Record Display for the EPA National Library Catalog


Main Title Red Shiner Invasion of the Upper Coosa River System: Dynamics and Ecological Consequences.
Author Walters, D. M. ; Blum, M. J. ;
CORP Author Environmental Protection Agency, Cincinnati, OH. National Exposure Research Lab.
Publisher 2007
Year Published 2007
Report Number EPA/600/R-07/124;
Stock Number PB2008-101558
Additional Subjects Red shiner ; Invasion ; Hybridization ; Upper Coosa River System (Mississippi) ; Bait fish ; Aquarium releases ; Degraded habitats ; Colonization ;
Library Call Number Additional Info Location Last
NTIS  PB2008-101558 Some EPA libraries have a fiche copy filed under the call number shown. 07/26/2022
Collation 67p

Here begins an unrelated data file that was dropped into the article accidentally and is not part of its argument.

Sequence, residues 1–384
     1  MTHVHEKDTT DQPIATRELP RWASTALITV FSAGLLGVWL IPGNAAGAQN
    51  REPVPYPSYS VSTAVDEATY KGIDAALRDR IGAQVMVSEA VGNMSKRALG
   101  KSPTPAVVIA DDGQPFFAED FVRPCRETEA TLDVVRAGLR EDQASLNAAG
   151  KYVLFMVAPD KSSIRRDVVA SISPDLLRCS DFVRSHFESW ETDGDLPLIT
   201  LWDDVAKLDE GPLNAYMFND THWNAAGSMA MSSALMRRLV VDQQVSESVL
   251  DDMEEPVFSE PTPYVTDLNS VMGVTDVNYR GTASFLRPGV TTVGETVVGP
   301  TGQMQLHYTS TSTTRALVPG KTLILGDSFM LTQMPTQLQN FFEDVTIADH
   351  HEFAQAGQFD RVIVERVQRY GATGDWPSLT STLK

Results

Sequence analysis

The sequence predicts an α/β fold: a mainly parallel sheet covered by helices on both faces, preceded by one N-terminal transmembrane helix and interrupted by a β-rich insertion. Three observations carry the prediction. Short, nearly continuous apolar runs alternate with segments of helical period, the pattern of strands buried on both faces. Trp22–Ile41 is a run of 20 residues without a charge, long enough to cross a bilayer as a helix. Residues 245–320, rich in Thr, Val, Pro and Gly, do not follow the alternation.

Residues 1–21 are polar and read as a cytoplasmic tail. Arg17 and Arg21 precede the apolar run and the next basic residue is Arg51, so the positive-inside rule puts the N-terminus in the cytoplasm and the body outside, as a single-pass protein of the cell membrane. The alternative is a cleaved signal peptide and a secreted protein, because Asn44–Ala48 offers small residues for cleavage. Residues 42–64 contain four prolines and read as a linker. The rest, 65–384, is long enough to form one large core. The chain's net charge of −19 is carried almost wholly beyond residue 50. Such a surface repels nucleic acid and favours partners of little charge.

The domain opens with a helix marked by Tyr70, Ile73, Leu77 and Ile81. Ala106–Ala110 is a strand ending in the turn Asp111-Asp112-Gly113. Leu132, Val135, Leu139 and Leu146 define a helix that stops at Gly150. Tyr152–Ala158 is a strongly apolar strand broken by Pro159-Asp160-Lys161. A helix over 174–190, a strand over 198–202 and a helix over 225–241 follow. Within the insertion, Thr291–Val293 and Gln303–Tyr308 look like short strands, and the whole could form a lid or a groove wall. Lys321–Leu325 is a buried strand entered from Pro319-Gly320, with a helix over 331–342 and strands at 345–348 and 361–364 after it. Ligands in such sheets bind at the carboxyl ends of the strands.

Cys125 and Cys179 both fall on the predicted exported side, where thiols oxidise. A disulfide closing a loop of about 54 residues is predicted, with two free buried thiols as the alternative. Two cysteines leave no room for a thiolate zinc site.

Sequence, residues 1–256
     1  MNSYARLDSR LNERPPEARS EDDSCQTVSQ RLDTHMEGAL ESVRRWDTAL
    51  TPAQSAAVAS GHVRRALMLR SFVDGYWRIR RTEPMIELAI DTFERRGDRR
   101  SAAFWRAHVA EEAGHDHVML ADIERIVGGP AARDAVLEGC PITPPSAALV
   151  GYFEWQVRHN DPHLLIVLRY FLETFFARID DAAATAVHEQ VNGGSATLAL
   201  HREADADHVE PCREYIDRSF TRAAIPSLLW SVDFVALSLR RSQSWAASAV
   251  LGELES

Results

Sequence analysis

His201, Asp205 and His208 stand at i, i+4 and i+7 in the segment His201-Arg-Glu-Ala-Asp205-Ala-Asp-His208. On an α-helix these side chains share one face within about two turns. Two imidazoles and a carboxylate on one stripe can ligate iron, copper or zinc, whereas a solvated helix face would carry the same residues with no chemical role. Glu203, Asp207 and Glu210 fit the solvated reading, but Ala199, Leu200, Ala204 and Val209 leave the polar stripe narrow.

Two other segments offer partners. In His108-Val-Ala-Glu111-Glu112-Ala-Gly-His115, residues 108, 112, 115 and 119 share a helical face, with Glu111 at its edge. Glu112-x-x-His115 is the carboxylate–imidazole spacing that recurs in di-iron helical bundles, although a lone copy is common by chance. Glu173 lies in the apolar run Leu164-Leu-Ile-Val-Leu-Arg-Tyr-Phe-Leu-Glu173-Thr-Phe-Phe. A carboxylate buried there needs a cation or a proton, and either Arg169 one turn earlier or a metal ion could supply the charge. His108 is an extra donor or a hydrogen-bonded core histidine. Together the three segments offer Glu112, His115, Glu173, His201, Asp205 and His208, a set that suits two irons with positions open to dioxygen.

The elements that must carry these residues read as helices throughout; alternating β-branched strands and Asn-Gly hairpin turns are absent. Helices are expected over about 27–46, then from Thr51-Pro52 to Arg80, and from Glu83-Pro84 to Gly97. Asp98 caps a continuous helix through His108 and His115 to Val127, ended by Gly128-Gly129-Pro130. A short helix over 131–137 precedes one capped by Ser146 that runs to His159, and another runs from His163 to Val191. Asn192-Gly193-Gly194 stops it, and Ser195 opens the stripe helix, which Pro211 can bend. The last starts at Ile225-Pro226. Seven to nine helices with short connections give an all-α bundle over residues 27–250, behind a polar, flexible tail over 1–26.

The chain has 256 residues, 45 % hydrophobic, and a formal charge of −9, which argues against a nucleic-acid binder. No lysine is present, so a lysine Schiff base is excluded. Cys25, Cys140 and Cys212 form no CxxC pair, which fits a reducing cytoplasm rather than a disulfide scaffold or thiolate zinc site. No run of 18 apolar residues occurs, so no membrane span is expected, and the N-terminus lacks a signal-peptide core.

The red shiner (Cyprinella lutrensis) has been widely introduced across 11 states outside its native range, presumably through bait-bucket and aquarium releases. Its native range includes Great Plain and Central Lowland tributaries of the Mississippi River and western Coastal Plain drainages of the Rio Grande River. This species thrives under harsh conditions (e.g., low flow, high turbidity, poor water quality) and aggressively colonizes severely degraded habitats. Introduced populations spread rapidly, often displacing native Cyprinids. Red shiners readily hybridize with congeners, sometimes causing widespread displacement of native species. Hybridization is a significant threat to Southeastern Cyprinella, as red shiner hybrids have been reported for nine native taxa. NERL scientists, in collaboration with researchers at U.S. Geological Survey (USGS), The University of Georgia, and Duquesne University, conducted three related studies on the dynamics of red shiner invasion and hybridization with native blacktail shiners, C. venusta stigmatura, in the upper Coosa River System (UCRS). The overall goals of these studies were to identify environmental drivers of red shiner invasion and to determine genetic and environmental factors promoting hybridization.